Sure the Harry Potter film franchise may be winding down after about a decade, but a group of students at Keller high school are hoping to keep it alive via Quidditch – real Quidditch. Apparently the Texas school is packed with students who think Quidditch is the cool thing to do and have already amassed an 80-person club that breaks down into four teams.
Club co-founder Brooklyn George had no problem getting history teacher David Clemmons to sponsor the club. As Clemmons recalled, "I thought it would be fun. I knew that there were some really rabid Harry Potter fans in the school. So, we just decided to see if it would go.” Well, it went and now Clemmons and his co-founder, Kati Polaski, have their eye on the University Interscholastic League.
Should they convince the UIL to sanction Quidditch, that would make it the 14th official high school sport. Recently, a group of Quidditch players traveled to Austin to try to work some magic on the UIL and while they haven’t been given the thumbs up just yet, the organization didn’t quash their request either. According to Clemmons, part of what it’ll come down to is that, "The UIL committee just wants to know how many people in Texas are really interested in playing Quidditch." In an effort to gain more support, the Keller students are holding a petition drive through which they’ve got their fingers crossed to secure the signatures of at least 200 Texas schools.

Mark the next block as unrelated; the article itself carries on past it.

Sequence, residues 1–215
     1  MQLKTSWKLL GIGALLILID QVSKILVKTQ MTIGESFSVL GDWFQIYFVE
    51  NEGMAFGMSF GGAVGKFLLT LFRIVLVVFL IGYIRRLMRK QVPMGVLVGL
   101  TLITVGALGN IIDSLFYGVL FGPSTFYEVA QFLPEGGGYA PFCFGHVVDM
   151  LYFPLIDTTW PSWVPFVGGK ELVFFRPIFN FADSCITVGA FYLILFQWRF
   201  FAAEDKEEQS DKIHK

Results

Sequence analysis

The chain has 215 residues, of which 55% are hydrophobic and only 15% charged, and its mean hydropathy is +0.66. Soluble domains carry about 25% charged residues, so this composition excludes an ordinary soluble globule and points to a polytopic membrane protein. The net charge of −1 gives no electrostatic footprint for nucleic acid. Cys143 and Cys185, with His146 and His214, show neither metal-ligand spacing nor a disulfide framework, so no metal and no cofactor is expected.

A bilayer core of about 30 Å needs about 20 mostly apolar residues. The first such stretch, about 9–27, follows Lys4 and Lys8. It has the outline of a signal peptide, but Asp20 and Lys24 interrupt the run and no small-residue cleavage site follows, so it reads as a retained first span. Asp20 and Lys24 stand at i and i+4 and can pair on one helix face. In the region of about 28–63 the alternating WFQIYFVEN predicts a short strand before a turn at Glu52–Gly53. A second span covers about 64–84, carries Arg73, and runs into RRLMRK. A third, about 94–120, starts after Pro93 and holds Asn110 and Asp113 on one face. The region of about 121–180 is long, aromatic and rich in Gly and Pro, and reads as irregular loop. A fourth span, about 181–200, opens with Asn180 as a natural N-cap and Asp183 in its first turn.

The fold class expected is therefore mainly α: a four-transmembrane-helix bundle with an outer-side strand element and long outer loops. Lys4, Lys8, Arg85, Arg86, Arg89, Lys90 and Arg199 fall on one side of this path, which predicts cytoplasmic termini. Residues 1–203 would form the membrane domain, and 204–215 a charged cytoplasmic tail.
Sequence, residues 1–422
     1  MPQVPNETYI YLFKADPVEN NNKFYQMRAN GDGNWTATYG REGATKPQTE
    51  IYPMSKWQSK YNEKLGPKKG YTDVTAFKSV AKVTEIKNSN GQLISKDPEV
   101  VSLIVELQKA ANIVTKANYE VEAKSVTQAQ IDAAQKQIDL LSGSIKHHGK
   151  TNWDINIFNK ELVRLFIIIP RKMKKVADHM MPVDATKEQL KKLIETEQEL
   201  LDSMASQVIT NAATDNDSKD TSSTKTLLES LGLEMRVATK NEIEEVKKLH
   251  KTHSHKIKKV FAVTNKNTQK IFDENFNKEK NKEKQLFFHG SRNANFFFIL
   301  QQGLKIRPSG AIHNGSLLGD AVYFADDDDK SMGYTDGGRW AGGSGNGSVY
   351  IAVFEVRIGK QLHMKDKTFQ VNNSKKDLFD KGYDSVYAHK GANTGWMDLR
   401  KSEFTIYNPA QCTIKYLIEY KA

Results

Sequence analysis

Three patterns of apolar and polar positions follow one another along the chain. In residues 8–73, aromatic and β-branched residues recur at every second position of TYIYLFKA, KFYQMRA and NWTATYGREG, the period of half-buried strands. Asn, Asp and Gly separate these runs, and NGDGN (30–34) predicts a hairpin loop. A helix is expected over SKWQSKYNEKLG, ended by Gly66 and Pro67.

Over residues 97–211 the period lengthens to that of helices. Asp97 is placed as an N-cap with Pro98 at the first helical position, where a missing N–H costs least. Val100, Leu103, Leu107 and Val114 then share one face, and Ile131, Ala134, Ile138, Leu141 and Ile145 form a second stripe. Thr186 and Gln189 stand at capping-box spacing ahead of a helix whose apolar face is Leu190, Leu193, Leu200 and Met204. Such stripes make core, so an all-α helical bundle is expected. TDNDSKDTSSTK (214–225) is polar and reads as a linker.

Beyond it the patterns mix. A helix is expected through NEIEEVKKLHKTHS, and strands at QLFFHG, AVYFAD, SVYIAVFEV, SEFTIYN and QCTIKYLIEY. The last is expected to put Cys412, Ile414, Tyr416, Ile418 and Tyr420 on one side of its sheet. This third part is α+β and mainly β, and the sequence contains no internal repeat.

Yes, the idea of a fictional sport becoming a reality sounds like fun, but it’s incredibly difficult to imagine this group of high school students being able to solidify the rules to make it as serious as something like basketball or football. As dedicated as the club members may be, UIL approval will likely require widespread acceptance and, as wildly successful as the books and films are, there are still people out there who haven’t seen or read either, or some that just will not be able to take this whole venture seriously. Plus, the fact that more common sports like gymnastics, water polo and lacrosse are still without UIL approval makes it seem even more unlikely that Quidditch will get the okay.
The key here is going to be separating the sport from the fiction, proving that playing Quidditch doesn’t require an imagination or familiarity with the source material. Right now, the idea makes me think of LARPing. Sure, there’s athleticism involved, but a big part of the game is getting into character and, therefore, imagination. And, let’s face it: Not everyone takes LARPing very seriously.
What do you think? Would you play Quidditch if there was a team at your school? Do you think it should become an official high school sport?
[via Baltimore Sun]